Wednesday, 3 April 2013

The Stratification of the University Sector and the Importance of Critique

Can uninspected absence and insufficient critique of the education system lead to unequal and pathological structures? Is critique regulatory?

I'm thinking this with regard to the way that the University sector is developing in the UK in the wake of the marketisation reforms. The current regulatory framework is provided by the Quality Assurance Agency for Higher Education. Their job has been to 'safeguard standards' across the different institutions that call themselves universities.When pushed however, no-one can say what 'standards' actually are safeguarded, for it is clear that a degree from Oxford is different from a degree from Leeds Met (say). It's not as if everyone sits the same exam: institutions, and individual lecturers, have autonomy in setting and marking exams and assignments, overseen by appointed 'external examiners'. Typically, safeguarding standards amounts to adherence to some sort of localised norms of perceived fairness towards students in different parts of the sector. Whatever localised norms are adhered to, students will gain the award of a degree that is notionally regarded as a selection filter for career advancement, and yet the differences between the value of degrees and the respective merits of different institutions (and courses) is at once obvious and absent from wider debates about fairness.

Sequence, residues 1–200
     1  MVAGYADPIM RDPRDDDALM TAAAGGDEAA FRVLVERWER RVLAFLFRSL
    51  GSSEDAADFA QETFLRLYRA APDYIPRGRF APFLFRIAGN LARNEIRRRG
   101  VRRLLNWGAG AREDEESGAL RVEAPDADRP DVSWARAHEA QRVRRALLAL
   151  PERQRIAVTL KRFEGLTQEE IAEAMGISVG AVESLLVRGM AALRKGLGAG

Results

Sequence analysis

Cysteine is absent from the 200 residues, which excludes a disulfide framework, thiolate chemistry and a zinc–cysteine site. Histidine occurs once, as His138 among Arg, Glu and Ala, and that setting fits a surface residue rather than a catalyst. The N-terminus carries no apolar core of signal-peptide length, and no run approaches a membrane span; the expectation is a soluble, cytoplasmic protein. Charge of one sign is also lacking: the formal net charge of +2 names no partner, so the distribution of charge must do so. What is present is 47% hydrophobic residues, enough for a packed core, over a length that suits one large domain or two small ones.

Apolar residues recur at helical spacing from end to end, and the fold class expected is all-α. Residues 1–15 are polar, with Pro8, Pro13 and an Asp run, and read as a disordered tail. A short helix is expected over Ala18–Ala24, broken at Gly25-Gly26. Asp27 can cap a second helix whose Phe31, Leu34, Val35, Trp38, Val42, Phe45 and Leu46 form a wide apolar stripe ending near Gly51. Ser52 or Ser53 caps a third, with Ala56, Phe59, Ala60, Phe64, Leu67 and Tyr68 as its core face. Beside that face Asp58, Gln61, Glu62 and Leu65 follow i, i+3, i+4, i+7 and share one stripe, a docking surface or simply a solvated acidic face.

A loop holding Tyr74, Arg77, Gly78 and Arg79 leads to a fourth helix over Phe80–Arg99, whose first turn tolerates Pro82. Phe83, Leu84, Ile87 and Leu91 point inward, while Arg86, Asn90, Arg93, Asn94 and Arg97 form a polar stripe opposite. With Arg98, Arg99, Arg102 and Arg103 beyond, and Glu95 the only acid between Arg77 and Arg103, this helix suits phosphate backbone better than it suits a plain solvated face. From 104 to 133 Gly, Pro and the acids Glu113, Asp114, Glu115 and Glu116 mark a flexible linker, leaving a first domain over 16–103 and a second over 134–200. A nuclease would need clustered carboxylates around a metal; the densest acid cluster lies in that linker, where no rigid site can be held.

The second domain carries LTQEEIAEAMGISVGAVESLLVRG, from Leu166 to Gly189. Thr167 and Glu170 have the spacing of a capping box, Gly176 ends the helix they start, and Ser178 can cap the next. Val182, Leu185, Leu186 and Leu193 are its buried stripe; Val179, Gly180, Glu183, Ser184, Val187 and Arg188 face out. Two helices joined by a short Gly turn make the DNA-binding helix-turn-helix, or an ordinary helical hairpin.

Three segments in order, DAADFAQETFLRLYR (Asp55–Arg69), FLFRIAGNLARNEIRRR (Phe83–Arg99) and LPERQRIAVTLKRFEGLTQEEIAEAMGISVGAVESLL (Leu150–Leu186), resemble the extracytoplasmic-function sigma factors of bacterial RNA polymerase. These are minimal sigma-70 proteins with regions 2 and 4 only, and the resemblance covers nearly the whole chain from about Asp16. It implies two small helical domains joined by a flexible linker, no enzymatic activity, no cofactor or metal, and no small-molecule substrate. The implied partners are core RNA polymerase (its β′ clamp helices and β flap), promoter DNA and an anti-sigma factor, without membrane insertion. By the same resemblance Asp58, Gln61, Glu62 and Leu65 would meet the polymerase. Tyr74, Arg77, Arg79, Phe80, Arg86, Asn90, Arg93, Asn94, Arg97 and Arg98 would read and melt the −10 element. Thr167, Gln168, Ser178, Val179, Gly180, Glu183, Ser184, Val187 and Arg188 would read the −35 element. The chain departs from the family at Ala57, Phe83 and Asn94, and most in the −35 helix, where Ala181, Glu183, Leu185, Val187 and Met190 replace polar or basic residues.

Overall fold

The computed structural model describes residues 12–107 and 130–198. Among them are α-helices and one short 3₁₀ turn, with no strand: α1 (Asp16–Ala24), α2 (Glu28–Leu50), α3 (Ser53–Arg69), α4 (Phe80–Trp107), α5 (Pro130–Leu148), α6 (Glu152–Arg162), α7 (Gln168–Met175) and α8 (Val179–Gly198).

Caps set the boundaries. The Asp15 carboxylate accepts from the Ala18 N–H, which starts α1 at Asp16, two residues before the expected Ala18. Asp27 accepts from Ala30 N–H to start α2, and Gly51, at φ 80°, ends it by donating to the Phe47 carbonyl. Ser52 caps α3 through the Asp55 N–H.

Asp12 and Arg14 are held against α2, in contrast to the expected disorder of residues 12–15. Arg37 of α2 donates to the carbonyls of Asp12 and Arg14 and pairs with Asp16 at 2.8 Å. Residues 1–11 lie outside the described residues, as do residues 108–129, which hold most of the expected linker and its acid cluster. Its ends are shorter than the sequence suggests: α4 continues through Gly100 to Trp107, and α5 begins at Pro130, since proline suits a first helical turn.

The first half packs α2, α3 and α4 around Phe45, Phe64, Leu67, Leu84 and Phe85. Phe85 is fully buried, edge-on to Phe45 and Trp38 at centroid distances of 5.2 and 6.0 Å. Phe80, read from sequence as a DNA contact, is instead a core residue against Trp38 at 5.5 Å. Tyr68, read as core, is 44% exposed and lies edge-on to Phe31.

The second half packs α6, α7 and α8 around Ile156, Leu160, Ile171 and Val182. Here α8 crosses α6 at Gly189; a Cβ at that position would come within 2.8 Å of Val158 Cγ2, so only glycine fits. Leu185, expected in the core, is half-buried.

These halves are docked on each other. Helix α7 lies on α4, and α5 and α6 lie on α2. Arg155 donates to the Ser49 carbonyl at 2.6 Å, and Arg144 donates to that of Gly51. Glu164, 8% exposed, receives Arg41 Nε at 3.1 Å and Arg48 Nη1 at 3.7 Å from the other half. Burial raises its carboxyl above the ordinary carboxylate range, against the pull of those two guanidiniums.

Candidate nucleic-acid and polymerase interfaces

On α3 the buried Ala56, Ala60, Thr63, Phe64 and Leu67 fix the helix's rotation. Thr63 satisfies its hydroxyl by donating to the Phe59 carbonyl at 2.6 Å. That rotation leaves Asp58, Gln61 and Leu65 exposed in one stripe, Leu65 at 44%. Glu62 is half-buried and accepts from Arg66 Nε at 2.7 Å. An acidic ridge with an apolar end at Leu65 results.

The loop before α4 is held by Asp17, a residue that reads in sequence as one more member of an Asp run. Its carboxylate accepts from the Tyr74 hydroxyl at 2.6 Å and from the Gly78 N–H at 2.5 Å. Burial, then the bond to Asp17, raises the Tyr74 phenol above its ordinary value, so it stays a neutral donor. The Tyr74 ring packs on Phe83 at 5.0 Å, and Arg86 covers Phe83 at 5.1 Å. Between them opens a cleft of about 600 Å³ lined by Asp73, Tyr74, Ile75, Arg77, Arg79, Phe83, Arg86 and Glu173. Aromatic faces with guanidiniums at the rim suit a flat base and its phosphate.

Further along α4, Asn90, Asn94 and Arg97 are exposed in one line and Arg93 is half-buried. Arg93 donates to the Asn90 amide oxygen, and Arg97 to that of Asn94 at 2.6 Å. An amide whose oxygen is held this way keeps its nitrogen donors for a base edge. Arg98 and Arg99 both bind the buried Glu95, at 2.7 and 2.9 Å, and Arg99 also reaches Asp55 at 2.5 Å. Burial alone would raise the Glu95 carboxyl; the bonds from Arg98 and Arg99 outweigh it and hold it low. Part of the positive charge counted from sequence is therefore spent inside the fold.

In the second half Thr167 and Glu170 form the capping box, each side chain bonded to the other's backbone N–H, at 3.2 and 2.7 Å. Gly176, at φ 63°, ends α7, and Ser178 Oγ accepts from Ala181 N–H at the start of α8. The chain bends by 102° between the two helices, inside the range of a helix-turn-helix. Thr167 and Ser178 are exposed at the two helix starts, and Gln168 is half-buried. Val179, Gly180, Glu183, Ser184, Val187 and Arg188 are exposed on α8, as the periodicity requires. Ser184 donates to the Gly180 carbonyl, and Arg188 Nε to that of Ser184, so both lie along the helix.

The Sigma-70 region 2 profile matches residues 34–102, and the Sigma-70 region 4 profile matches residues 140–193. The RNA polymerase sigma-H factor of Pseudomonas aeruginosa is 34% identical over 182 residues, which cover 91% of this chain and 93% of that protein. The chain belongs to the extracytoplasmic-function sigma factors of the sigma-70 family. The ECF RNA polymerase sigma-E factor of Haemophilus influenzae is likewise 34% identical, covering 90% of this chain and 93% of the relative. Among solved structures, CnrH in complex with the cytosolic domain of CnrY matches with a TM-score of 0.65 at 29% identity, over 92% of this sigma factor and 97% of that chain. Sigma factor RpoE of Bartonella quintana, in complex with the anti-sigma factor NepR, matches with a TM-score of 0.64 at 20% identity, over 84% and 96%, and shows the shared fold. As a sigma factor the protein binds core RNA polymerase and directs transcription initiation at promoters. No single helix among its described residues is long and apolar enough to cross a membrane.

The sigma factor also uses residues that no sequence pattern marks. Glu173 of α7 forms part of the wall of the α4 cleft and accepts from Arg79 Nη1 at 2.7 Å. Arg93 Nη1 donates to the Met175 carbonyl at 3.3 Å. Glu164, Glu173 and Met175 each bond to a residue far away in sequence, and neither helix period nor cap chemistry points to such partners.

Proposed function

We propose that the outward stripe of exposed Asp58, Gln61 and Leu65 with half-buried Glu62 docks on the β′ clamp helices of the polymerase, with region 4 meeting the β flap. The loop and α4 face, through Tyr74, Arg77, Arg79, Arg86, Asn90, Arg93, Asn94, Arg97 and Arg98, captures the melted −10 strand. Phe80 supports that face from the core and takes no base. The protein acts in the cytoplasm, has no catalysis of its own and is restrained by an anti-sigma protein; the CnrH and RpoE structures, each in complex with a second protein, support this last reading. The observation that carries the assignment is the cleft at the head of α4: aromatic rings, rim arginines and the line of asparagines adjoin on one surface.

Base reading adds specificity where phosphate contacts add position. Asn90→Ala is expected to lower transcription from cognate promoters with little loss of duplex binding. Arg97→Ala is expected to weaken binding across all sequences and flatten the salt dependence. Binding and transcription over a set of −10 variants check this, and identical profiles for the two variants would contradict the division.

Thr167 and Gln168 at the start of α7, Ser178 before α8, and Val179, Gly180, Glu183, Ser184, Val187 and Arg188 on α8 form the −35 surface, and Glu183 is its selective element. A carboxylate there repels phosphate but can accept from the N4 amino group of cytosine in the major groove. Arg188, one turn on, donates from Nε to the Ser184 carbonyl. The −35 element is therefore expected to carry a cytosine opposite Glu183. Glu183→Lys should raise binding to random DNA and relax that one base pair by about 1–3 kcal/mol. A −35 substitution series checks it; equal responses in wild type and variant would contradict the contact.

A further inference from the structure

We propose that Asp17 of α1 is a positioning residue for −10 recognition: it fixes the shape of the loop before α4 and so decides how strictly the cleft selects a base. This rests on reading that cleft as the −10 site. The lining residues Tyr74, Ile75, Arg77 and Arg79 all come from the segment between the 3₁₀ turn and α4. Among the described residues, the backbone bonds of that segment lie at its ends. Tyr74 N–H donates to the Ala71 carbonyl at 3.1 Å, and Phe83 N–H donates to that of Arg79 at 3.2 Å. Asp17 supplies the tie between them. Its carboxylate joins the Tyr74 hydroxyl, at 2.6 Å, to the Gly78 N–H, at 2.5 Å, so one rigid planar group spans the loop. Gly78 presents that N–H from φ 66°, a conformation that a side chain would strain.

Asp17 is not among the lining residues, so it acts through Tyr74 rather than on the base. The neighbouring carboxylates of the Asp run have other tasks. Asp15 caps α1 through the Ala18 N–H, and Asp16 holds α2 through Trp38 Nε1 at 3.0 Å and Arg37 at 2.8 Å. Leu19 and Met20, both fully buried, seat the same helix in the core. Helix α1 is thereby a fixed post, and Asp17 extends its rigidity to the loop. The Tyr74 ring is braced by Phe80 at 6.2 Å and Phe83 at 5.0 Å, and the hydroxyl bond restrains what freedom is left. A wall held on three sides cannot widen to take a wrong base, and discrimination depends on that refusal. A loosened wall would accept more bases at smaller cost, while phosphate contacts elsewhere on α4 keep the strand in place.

In 'regulating' quality and 'safeguarding standards' what the QAA appears to do is to stifle debate about a thorny subject. Quality in HE cannot be an issue because the QAA says it's ok and they know what they are talking about! As a result, the regulation bears upon the discourse about equality and fairness, not on actual issues of equality and fairness. The reason for this may be that deep critique about quality, fairness and the respective merits of degrees from different institutions would destabilize the nascent education industry as it seeks to present to the world a 'united front' of 'quality products'.

The deep problem is that the role of government in regulating Higher Education (and education in general) is contested (see The priority with the rise of marketisation and entrepreneurialism within institutions is the maintenance of a viable business model for selling education. "Safeguarding quality"  is part of this strategy. But what of "safeguarding fair access to employment"? That, it seems to me, is a more pressing regulatory task.

The consequence of not safeguarding fair access to employment is social balkanisation. But what would we need to safeguard fair access to employment? I think we would first have to acknowledge the differences between different institutions of Higher Education, and the differences in the opportunities which they afford, the social classes who have access to those institutions, and (most importantly) the relative achievements of individuals within different social and educational contexts.